I'm not gonna lie, when I wrote my post out, I was drunk (see my thread of me getting my L and drinking), and even then I feel like with my post I was fairly thorough and it made sense to a lot of people. HOWEVER! I'm having a lot of trouble understanding your post. I'm maybe 17 beers in and a little bit buzzed, but fuck, your post just confused me and made me feel like my dick is smaller than yours. That's not to say that your post didn't make sense, I just don't under-fucking-stand it where as someone else might. (Also excuse my language as I've been watching A LOT of Penn and Teller.
  14. TehSkull

    TehSkull Living the life

    Nov 29, 2009
    United States

    Better quality video on a lower bandwidth?
    I'll take eight.

    Seriously though, I'll have to read more into these technologies. Being able to put more and more data into a smaller space intrigues me.
  15. Depravo


    Global Moderator
    GBAtemp Patron
    Depravo is a Patron of GBAtemp and is helping us stay independent!

    Our Patreon
    Oct 13, 2008
    This probably won't play on my TV so I'll lose the ability to sneer at people demanding .avi files for their outdated technology.
    porkiewpyne likes this.
  16. clothesbiz27
    This message by clothesbiz27 has been removed from public view by tj_cool, Jan 29, 2013.
    Jan 29, 2013
  17. Ethevion

    Ethevion Wannabe Artist

    Sep 23, 2010
    Make way for more porn!
  18. Heran Bago

    Heran Bago Where do puyo come from?

    Nov 6, 2005
    United States
    Foggy California
    How much more/less intensive is it to encode? Playback and uploading is better on bandwidth but is it more demanding of hardware?
  19. porkiewpyne

    porkiewpyne Report-er

    Global Moderator
    Jun 8, 2008
    My semi-decent computer will probably still play it so I guess I can continue being an elitist dick to them XD
  20. FAST6191

    FAST6191 Techromancer

    pip Reporter
    Nov 21, 2005
    United Kingdom
    @TehSkull it might not be so much more data in less space but what appears to be the same data to the human eye in less space and still hopefully decode it at 24,25 or 30 fps depending.

    Sorry- I do a lot of video encoding and tried to learn most of what there was to know on the "how it all ticks" level (largely at the cost of the "language of cinema" side of things) and I am never quite sure what to elaborate upon and what to not to when it comes to these sorts of discussions.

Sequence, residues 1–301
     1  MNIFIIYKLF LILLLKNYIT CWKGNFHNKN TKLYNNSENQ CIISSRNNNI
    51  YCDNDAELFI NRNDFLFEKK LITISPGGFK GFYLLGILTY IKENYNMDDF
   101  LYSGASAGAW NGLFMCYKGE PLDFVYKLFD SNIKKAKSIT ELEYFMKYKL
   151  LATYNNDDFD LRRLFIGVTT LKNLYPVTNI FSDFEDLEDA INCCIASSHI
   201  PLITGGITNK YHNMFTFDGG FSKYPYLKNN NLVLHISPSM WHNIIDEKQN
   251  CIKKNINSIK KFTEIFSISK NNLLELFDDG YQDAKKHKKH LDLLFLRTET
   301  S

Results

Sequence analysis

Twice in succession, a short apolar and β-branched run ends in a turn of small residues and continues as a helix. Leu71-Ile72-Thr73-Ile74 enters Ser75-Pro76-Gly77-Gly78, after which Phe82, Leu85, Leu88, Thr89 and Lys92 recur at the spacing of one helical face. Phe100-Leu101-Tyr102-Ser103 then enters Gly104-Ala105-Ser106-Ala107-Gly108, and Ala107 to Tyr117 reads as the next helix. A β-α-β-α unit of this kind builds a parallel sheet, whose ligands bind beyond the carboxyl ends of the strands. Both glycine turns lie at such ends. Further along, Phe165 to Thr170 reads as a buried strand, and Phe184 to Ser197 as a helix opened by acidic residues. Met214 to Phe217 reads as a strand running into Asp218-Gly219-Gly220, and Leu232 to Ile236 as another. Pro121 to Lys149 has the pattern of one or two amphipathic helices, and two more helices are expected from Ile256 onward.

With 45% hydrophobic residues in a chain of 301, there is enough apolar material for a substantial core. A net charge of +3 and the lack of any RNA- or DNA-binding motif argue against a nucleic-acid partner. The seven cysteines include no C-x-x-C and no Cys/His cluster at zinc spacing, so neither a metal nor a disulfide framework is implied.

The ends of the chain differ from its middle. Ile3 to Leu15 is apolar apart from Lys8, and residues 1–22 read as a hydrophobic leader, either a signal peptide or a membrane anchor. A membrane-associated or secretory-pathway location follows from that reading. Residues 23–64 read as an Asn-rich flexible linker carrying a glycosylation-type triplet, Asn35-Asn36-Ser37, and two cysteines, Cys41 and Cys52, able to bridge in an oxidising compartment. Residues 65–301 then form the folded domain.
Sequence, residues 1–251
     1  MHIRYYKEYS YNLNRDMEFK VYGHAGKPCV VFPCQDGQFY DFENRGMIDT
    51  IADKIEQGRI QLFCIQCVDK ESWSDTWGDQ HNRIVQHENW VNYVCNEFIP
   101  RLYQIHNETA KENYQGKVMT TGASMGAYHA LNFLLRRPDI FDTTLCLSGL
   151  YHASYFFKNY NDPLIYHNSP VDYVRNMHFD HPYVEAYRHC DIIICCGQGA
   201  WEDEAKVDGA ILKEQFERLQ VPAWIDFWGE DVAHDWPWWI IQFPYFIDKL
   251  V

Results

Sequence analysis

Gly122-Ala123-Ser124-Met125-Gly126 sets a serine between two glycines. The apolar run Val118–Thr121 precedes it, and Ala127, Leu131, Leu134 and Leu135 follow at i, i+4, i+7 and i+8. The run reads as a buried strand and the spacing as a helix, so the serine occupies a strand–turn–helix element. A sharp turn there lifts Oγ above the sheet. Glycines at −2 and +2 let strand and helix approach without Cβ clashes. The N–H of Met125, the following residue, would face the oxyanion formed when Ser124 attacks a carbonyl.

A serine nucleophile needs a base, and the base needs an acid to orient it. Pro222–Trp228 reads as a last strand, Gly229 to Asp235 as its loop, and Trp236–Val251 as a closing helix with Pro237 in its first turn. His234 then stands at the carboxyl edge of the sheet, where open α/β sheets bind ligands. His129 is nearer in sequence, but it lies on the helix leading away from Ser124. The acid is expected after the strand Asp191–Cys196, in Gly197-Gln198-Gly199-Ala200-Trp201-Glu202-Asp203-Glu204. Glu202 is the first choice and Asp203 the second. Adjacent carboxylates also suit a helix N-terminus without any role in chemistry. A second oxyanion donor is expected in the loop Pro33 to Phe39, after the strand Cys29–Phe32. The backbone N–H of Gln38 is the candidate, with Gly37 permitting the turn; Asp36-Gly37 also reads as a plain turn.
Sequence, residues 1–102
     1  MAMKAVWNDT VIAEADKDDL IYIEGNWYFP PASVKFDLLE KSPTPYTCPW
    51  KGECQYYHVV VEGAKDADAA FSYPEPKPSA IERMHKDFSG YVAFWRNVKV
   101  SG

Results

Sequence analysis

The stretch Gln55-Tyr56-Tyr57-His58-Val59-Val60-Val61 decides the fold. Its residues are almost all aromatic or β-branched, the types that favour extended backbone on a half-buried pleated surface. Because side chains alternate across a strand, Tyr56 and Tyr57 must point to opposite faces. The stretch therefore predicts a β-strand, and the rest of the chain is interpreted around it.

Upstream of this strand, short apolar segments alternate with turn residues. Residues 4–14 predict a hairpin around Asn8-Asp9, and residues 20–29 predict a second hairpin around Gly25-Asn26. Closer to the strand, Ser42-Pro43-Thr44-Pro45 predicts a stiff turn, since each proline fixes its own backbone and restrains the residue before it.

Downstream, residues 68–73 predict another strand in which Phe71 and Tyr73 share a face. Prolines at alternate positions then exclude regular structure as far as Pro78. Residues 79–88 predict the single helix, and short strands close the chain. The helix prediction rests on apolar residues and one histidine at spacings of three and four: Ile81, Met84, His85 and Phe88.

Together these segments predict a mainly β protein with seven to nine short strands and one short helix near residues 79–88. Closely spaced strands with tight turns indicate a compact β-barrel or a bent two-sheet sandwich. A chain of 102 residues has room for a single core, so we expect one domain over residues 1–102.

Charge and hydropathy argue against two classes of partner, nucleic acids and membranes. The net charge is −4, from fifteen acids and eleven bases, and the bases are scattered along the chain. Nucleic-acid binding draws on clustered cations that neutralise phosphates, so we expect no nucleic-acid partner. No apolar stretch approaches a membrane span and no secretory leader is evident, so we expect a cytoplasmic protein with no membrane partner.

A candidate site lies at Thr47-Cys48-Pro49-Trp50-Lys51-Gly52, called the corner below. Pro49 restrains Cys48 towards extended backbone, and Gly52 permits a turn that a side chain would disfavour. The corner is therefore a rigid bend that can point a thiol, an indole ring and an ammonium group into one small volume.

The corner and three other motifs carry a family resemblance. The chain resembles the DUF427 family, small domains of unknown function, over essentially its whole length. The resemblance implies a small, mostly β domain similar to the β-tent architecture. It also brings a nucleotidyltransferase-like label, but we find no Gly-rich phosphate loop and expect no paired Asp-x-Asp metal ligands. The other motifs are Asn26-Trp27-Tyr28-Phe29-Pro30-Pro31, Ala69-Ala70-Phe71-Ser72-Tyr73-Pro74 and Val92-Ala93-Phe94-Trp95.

Mini essay mode then.

    There are many video standards in this world though MPEG has a lot of the market (what the latter half of my post was lamenting upon). They have a variety of standards available though aside from the now obscure MPEG1 video (you met it if you used DPG on the DS and most likely if you have a video with the extension .mpg) and MPEG2 (DVDs and some aspects of blu ray- though not a lot of blu ray use it these days) most fall under the MPEG4 umbrella
    Chiefly you would have met
    MPEG4- part 2. The names for all the MPEG stuff gets a bit confusing- generally the actual standards are broken down into parts which themselves have various implementations.
    MPEG4 SP - on some of the very oldest DVD players that played non DVD video you might have met this.
    MPEG4 ASP - this would be divx/xvid and the sort of thing that usually gets crammed into AVI and your 700 meg films.

    MPEG4 part 10 aka AVC aka H264 with the most prominent open source encoder being X264 (that it mops the floor with most other H264 efforts is perhaps a different discussion). This is everywhere nowadays though officially blu ray does support it.
    Digital TV varies across the world it seems so I am not going to even try lining things up there.

    This H265 stuff is technically a new standard though I am not sure what the official name is to be (HEVC, H265, MPEG-H and various permutations of the lot depending upon where I go though most are accepted).

    Generally the larger the numbers/further down the lists you go the less space it takes to encode a similar quality video at the cost of increased resources to decode it* though there are oddities here and there (more commonly at extremes- MP2 and MP3 audio being a good example- MP3 is generally superior but there are times like lower bitrates where MP2 does better).
    *your phone probably decodes H264 but it is extremely unlikely it does it all in software. This troubles things as not all hardware supports all of the standards- ipods were notorious for not supporting the better parts of the AAC audio standard.